Therefore, since $$M_X(\cdot)$$ is finite on $$(-\delta,\delta)$$, then by taking small enough $$\epsilon>0$$ deduce that

$$E|Y|\leq\epsilon^{-1}\left[M_X(s-\epsilon)+M_X(s+\epsilon)\right]<\infty\,.$$

Thus dominated convergence theorem can be carried out to show that $$Eu(\cdot;X)$$ and $$Ev(\cdot;X)$$ have partial derivatives with respect to both of their coordinates. Moreover, these partial derivatives are obtained by differentiating inside the expectation. In addition, dominated convergence theorem can be applied once more (with the same dominating random variable) in order to show that these partial derivatives are continuous on $$(-\delta,\delta)\times\mathbb{R}$$, i.e., $$Eu(\cdot;X)$$ and $$Ev(\cdot;X)$$ are differentiable on $$(-\delta,\delta)\times\mathbb{R}$$. Now, it is straightforward to verify that the Cauchy-Riemann equations are satisfied on $$(-\delta,\delta)\times\mathbb{R}$$ and hence $$\phi_X(\cdot)$$ is holomorphic on $$\Omega$$.

Step 2: Assume that $$X$$ and $$Y$$ are two random variables such that there exists $$\delta\in(0,\infty)$$ for which $$M_X(s)=M_Y(s)<\infty$$ for every $$s\in(-\delta,\delta)$$. Then, define

$$H(z)\equiv\phi_X(z)-\phi_Y(z)\ , \ \forall z\in\Omega$$

and by the result of Step 1, $$H(\cdot)$$ is holomorphic on $$\Omega$$ which is an open connected subset of $$\mathbb{C}$$. Now, denote a sequence $$z_n=\frac{\delta}{2n}\in\Omega,\forall n\in\mathbb{N}$$ and note that $$z_n\rightarrow 0\in\Omega$$ as $$n\to\infty$$. In addition, $$H(z_n)=0,\forall n\in\mathbb{N}$$ and hence using the identity theorem deduce that $$H(z)=0,\forall z\in\Omega$$. Then, as a special case, for every $$t\in\mathbb{R}$$ set $$z=it$$ and get

$$Ee^{itX}=Ee^{itY}$$

which means that $$F_X(u)=F_Y(u),\forall u\in\mathbb{R}$$ due to the uniqueness property of characteristic function (There are plenty of sources for the proof of this property and as mentioned by others its proof requires no advanced staff but dominated convergence and Fubini's theorems).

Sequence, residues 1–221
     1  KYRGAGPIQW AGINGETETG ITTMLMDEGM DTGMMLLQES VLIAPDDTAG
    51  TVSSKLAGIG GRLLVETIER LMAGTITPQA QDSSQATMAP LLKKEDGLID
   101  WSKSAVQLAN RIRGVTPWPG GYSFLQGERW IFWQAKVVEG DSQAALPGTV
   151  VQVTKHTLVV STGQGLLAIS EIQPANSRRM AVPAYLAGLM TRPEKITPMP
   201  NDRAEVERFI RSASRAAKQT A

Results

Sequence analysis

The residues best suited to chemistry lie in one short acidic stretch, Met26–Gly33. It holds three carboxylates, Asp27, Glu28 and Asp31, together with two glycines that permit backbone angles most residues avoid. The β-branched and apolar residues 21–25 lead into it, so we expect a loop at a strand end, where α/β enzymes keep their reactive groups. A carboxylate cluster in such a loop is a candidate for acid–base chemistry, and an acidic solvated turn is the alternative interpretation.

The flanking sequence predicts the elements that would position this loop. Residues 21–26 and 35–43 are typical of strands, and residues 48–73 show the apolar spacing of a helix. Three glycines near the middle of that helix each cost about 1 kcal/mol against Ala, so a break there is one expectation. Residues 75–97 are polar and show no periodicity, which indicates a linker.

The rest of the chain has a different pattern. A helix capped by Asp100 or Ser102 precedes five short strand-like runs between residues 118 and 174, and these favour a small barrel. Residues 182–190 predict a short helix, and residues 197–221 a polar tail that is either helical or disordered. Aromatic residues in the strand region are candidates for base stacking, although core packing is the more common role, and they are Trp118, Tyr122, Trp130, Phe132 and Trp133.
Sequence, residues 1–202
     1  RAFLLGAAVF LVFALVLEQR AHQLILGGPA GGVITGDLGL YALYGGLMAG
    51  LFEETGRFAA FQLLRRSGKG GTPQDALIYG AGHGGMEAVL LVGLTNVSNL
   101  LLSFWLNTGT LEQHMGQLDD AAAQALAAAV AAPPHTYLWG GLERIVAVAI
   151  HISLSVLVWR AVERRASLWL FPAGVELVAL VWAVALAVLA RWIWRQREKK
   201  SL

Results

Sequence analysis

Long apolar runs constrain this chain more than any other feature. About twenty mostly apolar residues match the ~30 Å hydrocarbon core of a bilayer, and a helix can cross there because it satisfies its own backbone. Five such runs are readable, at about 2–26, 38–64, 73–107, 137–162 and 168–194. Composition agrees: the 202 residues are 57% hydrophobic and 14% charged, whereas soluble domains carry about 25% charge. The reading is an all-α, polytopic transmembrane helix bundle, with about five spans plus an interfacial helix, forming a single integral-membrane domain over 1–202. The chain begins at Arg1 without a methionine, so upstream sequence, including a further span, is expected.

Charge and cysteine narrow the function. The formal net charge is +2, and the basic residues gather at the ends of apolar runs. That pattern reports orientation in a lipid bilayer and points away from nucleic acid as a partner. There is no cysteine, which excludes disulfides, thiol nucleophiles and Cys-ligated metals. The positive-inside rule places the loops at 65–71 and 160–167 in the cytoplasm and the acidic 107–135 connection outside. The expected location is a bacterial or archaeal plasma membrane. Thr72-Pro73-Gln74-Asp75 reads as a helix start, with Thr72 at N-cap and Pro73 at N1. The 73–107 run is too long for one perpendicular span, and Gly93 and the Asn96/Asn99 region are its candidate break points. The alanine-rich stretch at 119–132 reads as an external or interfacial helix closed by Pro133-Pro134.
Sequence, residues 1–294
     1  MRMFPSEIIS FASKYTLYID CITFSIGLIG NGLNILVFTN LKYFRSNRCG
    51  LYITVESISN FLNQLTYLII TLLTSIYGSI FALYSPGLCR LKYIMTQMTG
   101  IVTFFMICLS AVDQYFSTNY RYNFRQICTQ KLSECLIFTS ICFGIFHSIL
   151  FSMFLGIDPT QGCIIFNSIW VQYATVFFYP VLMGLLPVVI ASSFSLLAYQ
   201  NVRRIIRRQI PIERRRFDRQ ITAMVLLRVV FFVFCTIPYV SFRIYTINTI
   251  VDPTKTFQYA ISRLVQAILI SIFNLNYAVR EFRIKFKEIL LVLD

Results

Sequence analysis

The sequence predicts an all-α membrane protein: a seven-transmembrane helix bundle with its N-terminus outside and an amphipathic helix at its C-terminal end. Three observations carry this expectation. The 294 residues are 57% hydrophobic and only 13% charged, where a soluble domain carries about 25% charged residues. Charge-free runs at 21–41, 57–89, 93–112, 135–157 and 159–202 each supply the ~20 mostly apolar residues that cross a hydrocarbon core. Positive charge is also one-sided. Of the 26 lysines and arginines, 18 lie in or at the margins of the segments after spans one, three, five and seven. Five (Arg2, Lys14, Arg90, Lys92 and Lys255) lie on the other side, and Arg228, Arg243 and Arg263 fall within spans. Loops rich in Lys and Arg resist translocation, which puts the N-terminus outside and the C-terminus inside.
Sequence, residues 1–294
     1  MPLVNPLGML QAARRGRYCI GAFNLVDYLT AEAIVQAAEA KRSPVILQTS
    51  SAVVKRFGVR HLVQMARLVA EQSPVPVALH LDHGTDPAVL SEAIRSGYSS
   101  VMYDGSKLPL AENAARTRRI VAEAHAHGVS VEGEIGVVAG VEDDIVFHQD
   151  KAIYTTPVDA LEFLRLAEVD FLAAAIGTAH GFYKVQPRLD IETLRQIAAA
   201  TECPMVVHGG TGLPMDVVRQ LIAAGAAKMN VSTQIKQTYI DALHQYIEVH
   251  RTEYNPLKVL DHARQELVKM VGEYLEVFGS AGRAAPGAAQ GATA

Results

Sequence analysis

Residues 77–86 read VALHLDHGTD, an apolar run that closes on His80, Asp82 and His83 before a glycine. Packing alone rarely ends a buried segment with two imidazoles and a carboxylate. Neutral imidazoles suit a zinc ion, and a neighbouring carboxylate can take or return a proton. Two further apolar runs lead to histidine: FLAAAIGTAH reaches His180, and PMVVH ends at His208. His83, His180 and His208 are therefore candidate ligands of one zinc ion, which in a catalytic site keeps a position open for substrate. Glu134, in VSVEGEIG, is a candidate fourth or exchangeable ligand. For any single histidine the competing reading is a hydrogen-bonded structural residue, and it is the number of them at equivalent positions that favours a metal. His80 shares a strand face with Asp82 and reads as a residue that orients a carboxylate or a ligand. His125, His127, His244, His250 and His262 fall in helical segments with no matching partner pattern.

• Why the sequence $z_n=\delta/2n$. Can we take another sequence thats not zero as $n$ goes to infinity? Oct 6, 2020 at 1:04
• You could choose any sequence $(z_n)_{n=1}^\infty$ for which (1) $z_n\in\Omega,\forall n\in\mathbb{N}$, (2) $H(z_n)=0,\forall n\in\mathbb{N}$ and (3) $\exists\lim_{n\to\infty}z_n\in\Omega$. For more accurate details you may see the identity theorem for holomorphic functions, e.g., en.wikipedia.org/wiki/Identity_theorem.
– Roja
Oct 6, 2020 at 15:49

In the case where $X$ has density function $\phi(x)$, $$M_X(it) = E(e^{itX}) = \int_{-\infty}^\infty e^{itx}\phi(x)dx,$$ which is the Fourier transform of $\phi(x)$. Therefore $\phi(x)$ can be recovered from its MGF using the Fourier inversion formula.

The function $M_X(it)$ is called the characteristic function of $X$. See Chapter 6 of Kai Lai Chung's book A Course in Probability Theory for more details.

• Thanks alot. So in order to understand the proof I must look into Fourier transformation theory ? Aug 3, 2013 at 12:19
• I guess Did's answer above works nicely for random variables on a finite probability space. Aug 5, 2013 at 10:40
• @AmritanshuPrasad Actually, for every nonnegative integer valued random variable.
– Did
Aug 6, 2013 at 19:27
• @Did Actually, you prove uniqueness restricted to that space. You don't rule out the possibility that other random variables happen to have the same MGF. Jul 28, 2017 at 3:45